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San Antonio Express News
February 11, 2014
BY PATRICK DANNER
SAN ANTONIO — A local franchisee for Subway, Great American Cookies and Marble Slab Creamery is facing a federal lawsuit that alleges he failed to pay employees overtime wages and for hours worked off the clock.
The lawsuit was filed Tuesday by five former workers, but seeks certification as a collective action on behalf of an estimated 125 food-service workers currently or formerly employed by various defendants.
The franchisers are not parties to the lawsuit.
Sammy Aldeeb, a principal of the various franchise operations, denied he has shortchanged employees.
“This obviously never happened. We would never do this,” Aldeeb said. “My success in this industry only happens through the hard work of my employees and keeping them happy.
“If my employees are not happy, then my customers are not happy,” he added.
Aldeeb said he wasn’t aware of the suit until contacted by a reporter. According to the suit, he operates at least eight franchise locations. They have addresses in San Antonio and Boerne.
Representing the workers are the San Antonio offices of the Equal Justice Center and Texas RioGrande Legal Aid. Both nonprofit organizations assist low-wage working people who claim wage-rights violations.
The organizations allege workers were not paid for all of the hours they worked and did not receive 1.5 times their regular pay for each hour worked beyond 40 hours in a given week.
“Nonpayment of overtime and other wage and hour violations are common throughout the restaurant industry,” said Philip J. Moss, an attorney for the Equal Justice Center.
Claire Rodriguez, also an attorney for the group, acknowledged that it didn’t contact Aldeeb before filing the suit. That’s because some former employees would lose their right to make a claim under a statute of limitations if they waited to file, she explained.
Among the named plaintiffs is Brenda Pacheco, who worked at Aldeeb’s Marble Slab Creamery and Great American Cookies stores. In a statement released by the two nonprofit organizations, Pacheco said, “I worked many overtime hours, time that I was away from my family, and I believe I was not paid properly for that time.”
Rodriguez said businesses that fail to properly pay workers under requirements of the Fair Labor Standards Act are able to keep costs down and operate more profitably — at the expense of competitors.
“This is unfair to competition because it allows them to violate the law and keep their labor costs down, which drives out businesses (that) are complying with the law,” Rodriguez said. “It gives them an unfair and illegal competitive advantage.”
The suit seeks certification as a collective action, which would give other workers the option of joining the lawsuit.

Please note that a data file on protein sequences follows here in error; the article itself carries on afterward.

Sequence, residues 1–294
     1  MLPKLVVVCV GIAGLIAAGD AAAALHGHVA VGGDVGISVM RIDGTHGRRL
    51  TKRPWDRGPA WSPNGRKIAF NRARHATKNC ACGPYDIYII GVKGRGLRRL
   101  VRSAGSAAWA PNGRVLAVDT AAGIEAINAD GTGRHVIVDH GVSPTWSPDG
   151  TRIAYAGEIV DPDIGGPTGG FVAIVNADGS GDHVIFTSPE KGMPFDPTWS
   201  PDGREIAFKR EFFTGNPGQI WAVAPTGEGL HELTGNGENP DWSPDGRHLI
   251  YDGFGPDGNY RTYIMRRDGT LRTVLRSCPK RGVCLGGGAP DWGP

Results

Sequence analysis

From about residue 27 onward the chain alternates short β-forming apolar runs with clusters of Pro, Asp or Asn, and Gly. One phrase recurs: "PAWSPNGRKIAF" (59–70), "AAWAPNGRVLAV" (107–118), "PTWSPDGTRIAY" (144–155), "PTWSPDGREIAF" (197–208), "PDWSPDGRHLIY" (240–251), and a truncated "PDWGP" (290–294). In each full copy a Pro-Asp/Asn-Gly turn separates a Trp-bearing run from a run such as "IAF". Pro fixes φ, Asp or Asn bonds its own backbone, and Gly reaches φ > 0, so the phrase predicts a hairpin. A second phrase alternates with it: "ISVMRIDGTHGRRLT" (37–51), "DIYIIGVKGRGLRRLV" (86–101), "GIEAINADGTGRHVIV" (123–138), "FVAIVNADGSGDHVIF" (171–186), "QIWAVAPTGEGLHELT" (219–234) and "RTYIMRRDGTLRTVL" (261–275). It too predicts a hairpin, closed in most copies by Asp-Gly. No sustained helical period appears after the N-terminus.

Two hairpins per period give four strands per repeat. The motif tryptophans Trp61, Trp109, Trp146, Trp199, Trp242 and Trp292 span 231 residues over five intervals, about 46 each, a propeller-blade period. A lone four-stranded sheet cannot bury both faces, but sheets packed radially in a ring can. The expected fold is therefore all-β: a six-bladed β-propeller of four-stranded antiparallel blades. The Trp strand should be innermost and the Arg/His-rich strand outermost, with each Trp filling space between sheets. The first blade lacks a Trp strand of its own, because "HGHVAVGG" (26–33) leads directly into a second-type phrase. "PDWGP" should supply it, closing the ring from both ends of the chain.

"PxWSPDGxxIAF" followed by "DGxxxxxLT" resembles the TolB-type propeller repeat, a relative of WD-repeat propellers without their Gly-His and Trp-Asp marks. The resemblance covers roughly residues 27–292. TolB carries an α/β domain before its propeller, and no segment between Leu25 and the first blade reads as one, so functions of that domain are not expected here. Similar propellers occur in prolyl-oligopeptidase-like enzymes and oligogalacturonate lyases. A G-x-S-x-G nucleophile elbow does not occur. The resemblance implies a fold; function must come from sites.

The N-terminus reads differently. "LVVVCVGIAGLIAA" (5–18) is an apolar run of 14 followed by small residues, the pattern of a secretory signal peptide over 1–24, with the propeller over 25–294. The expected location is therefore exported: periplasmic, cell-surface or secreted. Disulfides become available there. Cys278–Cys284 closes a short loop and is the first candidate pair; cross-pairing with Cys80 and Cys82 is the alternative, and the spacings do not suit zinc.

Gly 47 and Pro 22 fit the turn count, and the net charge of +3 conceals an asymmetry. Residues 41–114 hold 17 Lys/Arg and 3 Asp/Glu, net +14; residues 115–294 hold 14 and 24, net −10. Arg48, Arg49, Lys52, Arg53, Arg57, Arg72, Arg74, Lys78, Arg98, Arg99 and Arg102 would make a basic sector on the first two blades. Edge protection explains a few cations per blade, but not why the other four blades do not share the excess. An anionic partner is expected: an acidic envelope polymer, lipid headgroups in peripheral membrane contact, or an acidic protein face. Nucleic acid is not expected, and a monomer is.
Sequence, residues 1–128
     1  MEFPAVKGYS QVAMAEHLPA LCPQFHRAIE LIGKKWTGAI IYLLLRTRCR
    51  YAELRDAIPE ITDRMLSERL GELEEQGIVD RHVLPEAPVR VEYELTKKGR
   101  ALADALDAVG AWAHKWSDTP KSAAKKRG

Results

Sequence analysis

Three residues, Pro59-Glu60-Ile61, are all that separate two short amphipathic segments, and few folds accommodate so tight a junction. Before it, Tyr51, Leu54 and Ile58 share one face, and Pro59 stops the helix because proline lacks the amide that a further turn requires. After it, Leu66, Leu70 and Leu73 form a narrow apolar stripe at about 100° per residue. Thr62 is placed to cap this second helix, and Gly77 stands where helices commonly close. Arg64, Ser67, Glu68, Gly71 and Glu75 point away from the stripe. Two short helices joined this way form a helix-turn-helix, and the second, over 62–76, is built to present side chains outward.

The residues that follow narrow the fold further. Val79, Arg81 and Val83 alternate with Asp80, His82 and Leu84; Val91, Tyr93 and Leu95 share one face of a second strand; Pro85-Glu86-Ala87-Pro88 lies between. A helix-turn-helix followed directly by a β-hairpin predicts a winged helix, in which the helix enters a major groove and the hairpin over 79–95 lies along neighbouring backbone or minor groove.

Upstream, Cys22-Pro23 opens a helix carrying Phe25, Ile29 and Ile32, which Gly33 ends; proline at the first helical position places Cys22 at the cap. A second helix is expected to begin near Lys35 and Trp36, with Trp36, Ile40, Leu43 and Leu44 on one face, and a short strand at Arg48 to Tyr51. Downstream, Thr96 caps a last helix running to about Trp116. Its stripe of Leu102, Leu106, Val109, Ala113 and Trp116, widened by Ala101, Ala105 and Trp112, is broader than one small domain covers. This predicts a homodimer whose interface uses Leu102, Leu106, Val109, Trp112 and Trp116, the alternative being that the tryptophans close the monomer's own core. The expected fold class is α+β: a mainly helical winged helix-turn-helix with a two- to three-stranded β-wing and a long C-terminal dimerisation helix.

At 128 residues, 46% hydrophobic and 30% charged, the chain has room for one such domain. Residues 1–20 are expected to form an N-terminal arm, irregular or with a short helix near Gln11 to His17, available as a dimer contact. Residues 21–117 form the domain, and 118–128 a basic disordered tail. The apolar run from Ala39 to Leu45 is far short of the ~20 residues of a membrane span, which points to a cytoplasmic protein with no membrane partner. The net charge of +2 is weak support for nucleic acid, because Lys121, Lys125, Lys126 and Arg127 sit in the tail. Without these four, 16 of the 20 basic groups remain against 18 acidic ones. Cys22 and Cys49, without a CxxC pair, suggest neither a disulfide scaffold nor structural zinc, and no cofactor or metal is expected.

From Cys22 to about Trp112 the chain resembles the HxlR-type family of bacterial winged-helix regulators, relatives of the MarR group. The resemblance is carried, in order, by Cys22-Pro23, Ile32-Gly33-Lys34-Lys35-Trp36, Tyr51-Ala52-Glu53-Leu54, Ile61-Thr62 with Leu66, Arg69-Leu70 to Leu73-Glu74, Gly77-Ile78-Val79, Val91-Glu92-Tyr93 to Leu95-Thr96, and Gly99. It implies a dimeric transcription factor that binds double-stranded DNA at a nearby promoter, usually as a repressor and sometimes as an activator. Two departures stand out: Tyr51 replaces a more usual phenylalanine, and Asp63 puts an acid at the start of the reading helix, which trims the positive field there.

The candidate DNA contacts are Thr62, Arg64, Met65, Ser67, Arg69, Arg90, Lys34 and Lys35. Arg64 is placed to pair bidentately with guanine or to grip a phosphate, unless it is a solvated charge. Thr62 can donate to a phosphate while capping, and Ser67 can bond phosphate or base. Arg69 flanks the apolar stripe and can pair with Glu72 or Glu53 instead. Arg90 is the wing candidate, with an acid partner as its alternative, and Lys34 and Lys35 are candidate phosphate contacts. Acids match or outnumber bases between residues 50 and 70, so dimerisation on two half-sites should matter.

For Immediate Release
February 6, 2014
Contact Michael O’Keefe Cowles, Attorney, Equal Justice Center – Dallas
Dallas Hearing on Feb. 7 to address controversial changes to federal courts
A hearing on proposed changes to alter the federal rules of civil procedures is set for Friday, Feb. 7, in Dallas. The proposed rule changes would significantly alter our legal system, making it much harder for poor people, small businesses, and all those with minimal resources to access the justice system and have their day in court.
Opponents of the proposed changes include national and state-wide civil rights and workers’ rights organizations as well as local private lawyers, including the NAACP, the Equal Justice Center, Alliance for Justice, National Employment Law Project, National Employment Lawyers Association, and many others.
“These changes would create an unnecessary hurdle for working class people to exercise their rights and have their day in court. The changes fundamentally alter the balance in the justice system in favor of big corporate interests,” said Michael O’Keefe Cowles, head of the Dallas office of the Equal Justice Center.
“Currently poor and working class people already face barriers to the justice system because their claims are often for minimal amounts, and they often cannot obtain an attorney. The proposed rules would further restrict access to justice for these people by restricting what information litigants could have access to when facing bigger and much more well-funded corporate opponents,” said Cowles.
The Federal Rules of Civil Procedure establish how civil lawsuits are filed, pursued, and tried in federal courts. The proposed Rules changes would severely limit discovery, decrease the number and length of depositions and remove incentives to preserve critical documents. This will have a chilling effect on civil rights, employment discrimination, and other protections because the information needed to prove these types of case is often in the sole possession of the corporation.